Wednesday, 8 November 2017

Book Review: The Travelling Bag: And Other Ghostly Stories by Susan Hill

Yeah, I don't know why I keep reading Susan Hill either.


From the foggy streets of Victorian London to the eerie perfection of 1950s suburbia, the everyday is invaded by the evil otherworldly in this unforgettable collection of new ghost stories from the author of The Woman in Black. 

In the title story, on a murky evening in a warmly lit club off St James, a bishop listens closely as a paranormal detective recounts his most memorable case, one whose horrifying denouement took place in that very building. 

In 'The Front Room', a devoutly Christian mother tries to protect her children from the evil influence of their grandmother, both when she is alive and when she is dead. 

A lonely boy finds a friend in 'Boy Number 21', but years later he is forced to question the nature of that friendship, and to ask whether ghosts can perish in fires.


So I have a hate-hate relationships with Hill, I find her horror to be boring and pretenious, with a lack of sympathic characters. I have reviewed two of her works (read 4 I think): The Small Hand and The Woman in Black. This book contains four short stories, which feel Hill's abandoned works. Some of them don't feel like they have proper endings. Unlike my usual way of reviewing short stories, I'm reviewing them indivdiually from memory instead of writing mini-reviews as I read them.

The Travelling Bag: So this is the Victorianish set and we learn the story of someone getting revenge and then random fear of moths for no reason. This has a weird Narractive vice as someone telling their fellow club memember the worst, spookest case they ever worked. How he knows the information he does is never explained and doesn't feel like him actaully tellling the story. This feels like a series idea and I thought all the stories were going to be told as if they were cases this guy had, had, but no it was just one off. It adds nothing, but set up for disappointment. If we had just been the actual story instead of the weird narractive vice, I would have enjoyed it better. 2/5 stars for sweeping bodies.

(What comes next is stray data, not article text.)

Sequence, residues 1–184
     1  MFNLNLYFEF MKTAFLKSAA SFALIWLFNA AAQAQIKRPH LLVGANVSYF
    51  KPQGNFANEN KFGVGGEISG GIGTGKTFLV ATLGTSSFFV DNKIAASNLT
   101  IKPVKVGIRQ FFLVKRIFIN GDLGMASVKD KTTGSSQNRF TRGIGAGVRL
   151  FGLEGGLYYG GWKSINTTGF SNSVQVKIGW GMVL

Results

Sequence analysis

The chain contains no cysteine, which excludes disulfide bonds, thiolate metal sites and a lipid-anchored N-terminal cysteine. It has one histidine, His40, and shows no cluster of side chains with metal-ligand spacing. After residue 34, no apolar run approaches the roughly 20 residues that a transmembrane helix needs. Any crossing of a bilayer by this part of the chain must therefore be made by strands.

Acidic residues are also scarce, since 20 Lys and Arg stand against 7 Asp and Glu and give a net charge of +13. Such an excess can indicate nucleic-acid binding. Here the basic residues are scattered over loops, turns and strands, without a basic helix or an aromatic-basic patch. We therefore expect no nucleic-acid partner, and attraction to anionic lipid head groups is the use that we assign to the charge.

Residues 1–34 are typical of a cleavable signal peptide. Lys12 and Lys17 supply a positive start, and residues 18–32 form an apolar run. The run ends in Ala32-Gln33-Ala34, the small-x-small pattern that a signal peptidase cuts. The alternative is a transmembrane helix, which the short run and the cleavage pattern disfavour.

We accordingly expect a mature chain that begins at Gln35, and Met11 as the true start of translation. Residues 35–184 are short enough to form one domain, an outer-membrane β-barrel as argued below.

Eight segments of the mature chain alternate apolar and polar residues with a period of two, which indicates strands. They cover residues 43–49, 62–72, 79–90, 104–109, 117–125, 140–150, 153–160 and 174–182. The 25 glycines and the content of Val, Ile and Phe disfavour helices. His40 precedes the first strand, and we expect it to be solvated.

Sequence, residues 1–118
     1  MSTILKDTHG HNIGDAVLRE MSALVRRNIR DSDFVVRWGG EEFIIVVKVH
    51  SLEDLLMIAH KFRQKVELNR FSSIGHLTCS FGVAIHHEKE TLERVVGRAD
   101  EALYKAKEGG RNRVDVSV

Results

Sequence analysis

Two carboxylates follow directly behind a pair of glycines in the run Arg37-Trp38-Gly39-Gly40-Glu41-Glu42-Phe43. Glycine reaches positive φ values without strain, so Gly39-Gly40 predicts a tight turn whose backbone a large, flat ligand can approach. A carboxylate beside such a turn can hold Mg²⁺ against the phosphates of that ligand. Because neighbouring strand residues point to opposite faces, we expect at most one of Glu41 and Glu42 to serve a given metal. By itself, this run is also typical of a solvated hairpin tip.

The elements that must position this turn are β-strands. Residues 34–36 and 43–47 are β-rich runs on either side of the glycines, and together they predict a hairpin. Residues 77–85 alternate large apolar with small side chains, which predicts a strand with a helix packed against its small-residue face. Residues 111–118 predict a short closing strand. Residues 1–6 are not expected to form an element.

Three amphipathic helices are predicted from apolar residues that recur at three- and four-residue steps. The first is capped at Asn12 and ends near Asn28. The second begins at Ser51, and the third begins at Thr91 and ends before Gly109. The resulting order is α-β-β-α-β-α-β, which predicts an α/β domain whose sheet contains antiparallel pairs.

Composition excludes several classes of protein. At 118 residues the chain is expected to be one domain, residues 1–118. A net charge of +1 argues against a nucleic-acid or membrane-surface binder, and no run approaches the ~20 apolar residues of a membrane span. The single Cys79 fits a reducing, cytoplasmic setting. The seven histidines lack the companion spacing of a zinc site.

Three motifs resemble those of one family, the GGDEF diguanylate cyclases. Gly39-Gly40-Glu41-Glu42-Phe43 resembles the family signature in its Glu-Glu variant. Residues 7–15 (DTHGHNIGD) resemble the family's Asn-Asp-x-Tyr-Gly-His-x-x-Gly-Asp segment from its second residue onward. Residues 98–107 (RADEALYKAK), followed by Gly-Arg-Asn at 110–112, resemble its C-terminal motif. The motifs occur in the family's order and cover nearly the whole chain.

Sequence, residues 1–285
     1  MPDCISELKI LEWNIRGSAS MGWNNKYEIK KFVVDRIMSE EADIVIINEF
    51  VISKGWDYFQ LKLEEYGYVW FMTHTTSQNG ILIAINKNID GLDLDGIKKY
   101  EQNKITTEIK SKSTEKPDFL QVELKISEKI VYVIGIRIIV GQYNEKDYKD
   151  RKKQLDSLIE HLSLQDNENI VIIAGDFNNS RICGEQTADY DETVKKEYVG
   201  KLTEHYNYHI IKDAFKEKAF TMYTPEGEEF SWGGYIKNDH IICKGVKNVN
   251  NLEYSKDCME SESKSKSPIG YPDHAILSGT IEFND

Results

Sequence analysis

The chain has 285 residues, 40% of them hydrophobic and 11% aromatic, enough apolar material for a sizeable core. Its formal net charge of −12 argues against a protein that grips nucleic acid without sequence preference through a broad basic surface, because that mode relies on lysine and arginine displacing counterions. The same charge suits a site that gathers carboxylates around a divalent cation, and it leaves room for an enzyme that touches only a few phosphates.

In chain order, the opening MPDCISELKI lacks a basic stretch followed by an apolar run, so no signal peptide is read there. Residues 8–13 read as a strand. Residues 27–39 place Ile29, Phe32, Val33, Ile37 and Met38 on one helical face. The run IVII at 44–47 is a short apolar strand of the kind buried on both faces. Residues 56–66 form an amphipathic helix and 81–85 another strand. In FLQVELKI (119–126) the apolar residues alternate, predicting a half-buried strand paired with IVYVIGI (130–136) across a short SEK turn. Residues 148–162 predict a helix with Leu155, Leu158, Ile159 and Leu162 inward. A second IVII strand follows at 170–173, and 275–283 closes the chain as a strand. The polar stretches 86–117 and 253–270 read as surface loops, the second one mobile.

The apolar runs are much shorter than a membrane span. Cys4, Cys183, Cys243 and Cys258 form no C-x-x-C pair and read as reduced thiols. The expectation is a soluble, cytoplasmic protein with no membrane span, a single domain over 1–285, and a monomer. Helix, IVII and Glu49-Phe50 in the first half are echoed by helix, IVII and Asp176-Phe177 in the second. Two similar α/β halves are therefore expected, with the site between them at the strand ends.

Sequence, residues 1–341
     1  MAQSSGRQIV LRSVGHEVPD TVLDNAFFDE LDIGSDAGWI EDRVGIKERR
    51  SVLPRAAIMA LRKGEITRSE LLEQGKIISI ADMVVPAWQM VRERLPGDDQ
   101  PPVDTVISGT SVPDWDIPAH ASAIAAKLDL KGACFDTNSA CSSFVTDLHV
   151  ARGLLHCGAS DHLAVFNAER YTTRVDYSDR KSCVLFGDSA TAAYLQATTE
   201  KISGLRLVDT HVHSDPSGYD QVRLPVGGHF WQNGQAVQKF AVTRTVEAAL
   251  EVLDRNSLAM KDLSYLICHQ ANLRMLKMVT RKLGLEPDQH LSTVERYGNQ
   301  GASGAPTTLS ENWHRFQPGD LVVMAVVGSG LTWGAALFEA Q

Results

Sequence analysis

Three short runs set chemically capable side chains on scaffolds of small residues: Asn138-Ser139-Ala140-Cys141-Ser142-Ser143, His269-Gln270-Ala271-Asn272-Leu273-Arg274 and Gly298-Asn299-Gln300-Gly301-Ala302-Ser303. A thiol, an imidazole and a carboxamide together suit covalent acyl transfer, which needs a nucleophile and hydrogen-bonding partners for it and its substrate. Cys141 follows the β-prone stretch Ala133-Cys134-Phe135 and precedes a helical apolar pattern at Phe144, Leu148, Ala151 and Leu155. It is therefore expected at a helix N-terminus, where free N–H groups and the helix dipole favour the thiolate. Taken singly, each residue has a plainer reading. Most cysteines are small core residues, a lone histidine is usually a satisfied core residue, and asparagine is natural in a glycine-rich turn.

Boy Number 21: This is the worst story. So very little happens in it and I was expecting something big with the set up. Big problem is a bigging up to nothing. Not a field trip and a possible pyschotic break. 1/5 stars for sqused Sandwiches.

Alice Baker:  This is probably the best. It doesn't have a weird narractor and a concise ending that makes sense. It also from a female character's POV and it wasn't Hill's typical, terrible ghost motivation. This one takes place in an old office building where a new staff memember cause a stink. I Not sure why it's was the one left out of the burb. 4/5 stars for Office Politics.

The Front Room: It's Hill's favourite thing. A spiteful person for the sake of being spiteful. Then she a spiteful ghost. A family does a nice thing by taking in an old lady, the father's step-mother. Most of it is set up and then dur-dur-DUR. 1/5 stars for only a shower.

Overall, I give this book 1/5 stars for mediocre nonsense. This book is just bad. There's one story that's worth a read but the others' are Hill's typical mess of a work, except some of these feel like Hill just gave up and declare them short stories instead.

Wednesday, 1 November 2017

Book Review: Fleshmarket by Nicola Morgan

Fleshmarket does not contain cannablism. Only Jokes about Cannabism,

"Footsteps echoed through the towering corridors as the woman walked...followed by her silent family. No One could touch her. She touched none of them. She was different. Robbie, young as he was, felt it...had felt her pain as if it was his. It had burned him and left its mark. The mark was the empty space where his real mother had been. The place where she had left him.'

It is Edinburgh, 1828 and Robbie is haunted by the horror of his mother's death at the hands of the famous surgeon, Dr Robert Knox. The Operation was intended to save her life. Instead it brought her intolerable pain before it killed her. Now her family is torned apart, and living in appalling poverty. A desperate Robbie is intend on Revenge on Knox. But how far is he prepared to go - and what will he lose in the process?